“Business as usual is not an option” announced Robyn Kruk when, as chair, she embarked on the WA Department for Health‘s Sustainable Health Review (SHR). The implication is that the business of illness will have to change. Some will perceive this as an opportunity; others a threat.
It would be surprising if the final report, due to be presented to the Minister in November, did not incorporate international trends which prioritise population health in a community context to curb ever-growing sick care expenditures
In the U.S. the Health 3.0 framework draws on evidence to optimise population health over the life span, in a community-integrated health system. In the UK, previous NHS chief Lord Nigel Crisp recommends adopting practices from developing countries with limited resources which empower communities to obtain better health outcomes. While a recent report from the European Commission that emphasises the critical role of primary care in overall health outcomes, specified community-oriented care as one of the 10 domains of assessing primary care performance.
Closer to home, South Australia established a Health in All Policies (HiAP) unit based on the European model that calls for a whole-government approach to strengthening health systems by influencing the social determinants of health.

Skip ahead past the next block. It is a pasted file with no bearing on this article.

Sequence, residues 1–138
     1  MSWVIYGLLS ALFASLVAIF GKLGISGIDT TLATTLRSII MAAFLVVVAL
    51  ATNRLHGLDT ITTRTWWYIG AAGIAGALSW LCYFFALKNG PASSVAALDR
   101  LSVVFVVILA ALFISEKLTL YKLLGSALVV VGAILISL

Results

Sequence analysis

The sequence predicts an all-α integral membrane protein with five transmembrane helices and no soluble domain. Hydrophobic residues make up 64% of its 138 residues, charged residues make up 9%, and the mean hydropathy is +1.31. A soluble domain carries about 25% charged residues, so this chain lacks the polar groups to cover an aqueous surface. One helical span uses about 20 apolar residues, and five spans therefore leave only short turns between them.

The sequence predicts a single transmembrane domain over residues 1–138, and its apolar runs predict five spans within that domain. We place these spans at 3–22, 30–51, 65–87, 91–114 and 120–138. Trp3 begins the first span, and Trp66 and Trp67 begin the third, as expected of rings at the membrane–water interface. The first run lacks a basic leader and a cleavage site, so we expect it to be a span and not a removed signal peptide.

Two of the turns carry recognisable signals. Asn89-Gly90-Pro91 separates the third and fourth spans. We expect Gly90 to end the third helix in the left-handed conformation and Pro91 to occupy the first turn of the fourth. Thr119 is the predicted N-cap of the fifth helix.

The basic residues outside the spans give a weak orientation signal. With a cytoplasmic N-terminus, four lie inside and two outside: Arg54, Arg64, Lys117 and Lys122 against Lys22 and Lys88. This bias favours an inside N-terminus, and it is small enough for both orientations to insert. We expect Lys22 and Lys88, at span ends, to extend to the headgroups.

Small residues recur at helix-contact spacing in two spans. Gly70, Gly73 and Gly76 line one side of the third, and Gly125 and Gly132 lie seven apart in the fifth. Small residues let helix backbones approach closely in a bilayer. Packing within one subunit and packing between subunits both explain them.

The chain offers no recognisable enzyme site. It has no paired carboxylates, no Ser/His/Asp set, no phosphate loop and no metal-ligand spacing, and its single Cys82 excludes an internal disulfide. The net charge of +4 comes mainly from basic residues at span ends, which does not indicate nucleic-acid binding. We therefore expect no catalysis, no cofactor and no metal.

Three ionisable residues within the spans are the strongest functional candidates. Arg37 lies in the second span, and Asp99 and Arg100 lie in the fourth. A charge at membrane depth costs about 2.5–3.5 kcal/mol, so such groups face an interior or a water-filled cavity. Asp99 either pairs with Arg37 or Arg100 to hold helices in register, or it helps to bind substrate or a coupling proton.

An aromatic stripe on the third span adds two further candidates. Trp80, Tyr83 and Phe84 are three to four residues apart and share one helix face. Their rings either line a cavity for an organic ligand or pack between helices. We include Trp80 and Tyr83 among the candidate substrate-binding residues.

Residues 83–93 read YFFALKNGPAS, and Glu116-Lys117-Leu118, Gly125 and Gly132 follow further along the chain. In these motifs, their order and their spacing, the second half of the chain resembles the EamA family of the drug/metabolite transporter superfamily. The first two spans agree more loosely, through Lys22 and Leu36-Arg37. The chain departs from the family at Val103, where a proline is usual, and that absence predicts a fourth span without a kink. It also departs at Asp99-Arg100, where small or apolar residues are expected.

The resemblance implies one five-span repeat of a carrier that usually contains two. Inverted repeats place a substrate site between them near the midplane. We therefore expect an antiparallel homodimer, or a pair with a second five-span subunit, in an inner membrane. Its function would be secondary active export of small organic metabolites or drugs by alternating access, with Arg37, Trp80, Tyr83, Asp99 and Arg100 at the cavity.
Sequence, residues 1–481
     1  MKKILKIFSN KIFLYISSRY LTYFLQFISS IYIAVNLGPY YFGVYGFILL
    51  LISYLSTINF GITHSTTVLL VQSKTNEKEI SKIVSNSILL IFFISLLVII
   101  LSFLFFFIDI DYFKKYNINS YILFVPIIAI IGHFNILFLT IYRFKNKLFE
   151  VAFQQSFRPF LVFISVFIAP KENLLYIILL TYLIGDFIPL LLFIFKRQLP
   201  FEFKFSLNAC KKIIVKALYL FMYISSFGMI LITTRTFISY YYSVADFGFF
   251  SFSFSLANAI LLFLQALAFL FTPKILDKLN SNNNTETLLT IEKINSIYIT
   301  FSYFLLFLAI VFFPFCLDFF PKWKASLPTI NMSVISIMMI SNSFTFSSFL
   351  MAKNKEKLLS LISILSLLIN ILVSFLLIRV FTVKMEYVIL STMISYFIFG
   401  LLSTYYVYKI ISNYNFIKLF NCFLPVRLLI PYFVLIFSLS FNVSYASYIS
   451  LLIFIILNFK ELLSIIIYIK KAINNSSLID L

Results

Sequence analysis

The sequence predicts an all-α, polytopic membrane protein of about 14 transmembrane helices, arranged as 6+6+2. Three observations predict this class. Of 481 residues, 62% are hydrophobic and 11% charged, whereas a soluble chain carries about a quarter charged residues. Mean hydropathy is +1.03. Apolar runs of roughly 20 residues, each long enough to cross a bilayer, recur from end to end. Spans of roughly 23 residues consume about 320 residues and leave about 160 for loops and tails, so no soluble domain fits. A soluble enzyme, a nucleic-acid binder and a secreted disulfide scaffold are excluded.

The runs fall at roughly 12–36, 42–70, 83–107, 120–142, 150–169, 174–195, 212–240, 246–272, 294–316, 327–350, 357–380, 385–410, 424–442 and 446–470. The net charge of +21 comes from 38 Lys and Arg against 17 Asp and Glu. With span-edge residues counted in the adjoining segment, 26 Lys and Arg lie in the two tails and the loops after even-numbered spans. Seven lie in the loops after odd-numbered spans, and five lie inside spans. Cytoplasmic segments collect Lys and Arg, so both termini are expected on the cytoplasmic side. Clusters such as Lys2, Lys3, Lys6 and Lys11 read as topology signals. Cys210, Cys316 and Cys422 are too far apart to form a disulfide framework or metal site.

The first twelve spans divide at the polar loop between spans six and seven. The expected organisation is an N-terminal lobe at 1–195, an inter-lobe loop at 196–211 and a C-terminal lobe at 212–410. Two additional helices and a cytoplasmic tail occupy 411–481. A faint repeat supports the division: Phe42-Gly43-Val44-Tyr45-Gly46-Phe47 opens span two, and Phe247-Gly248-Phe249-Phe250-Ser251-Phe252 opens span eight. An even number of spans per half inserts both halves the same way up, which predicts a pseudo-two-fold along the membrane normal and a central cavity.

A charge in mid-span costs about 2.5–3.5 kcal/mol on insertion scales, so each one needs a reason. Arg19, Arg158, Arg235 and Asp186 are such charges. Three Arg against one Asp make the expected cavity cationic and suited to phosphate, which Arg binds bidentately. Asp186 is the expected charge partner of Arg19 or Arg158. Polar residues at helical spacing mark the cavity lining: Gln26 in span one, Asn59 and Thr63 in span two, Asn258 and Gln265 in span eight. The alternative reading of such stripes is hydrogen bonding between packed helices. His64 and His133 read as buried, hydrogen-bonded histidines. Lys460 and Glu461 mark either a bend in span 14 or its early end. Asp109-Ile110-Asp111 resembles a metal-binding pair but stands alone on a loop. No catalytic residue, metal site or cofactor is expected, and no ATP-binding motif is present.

SA’s HiAP, which is supported by government mandate, seeks support from all departments to integrate population health into their policies and programs, even those traditionally not considered to influence health. This approach recognises that health is influenced by a wide range of determinants and tackling complex healthcare issues requires collaborative policy responses.
It is uncertain if the SHR will call for this approach as there has been a history of reluctance to the HiAP concept in WA.
In the CSIRO’s Future of Health report, it urges discussion on the need for, “…a fundamental shift in our paradigm of healthcare from treatment to prevention…[to]…reduce the financial burden on healthcare and improve quality of life for all Australians.”
The report was informed by the diverse perspectives and technical expertise of over 30 organisations who, like Ms Kruk’s review, indicate change is an imperative. Compared to other OECD countries, Australia spends more than any other on an average 11 years of ill health.
Future of Health finds only 20% of a person’s life expectancy and quality of life influenced by clinical care, which equates to a poor return on investment given the nearly $200 billion spent on health in 2016-17.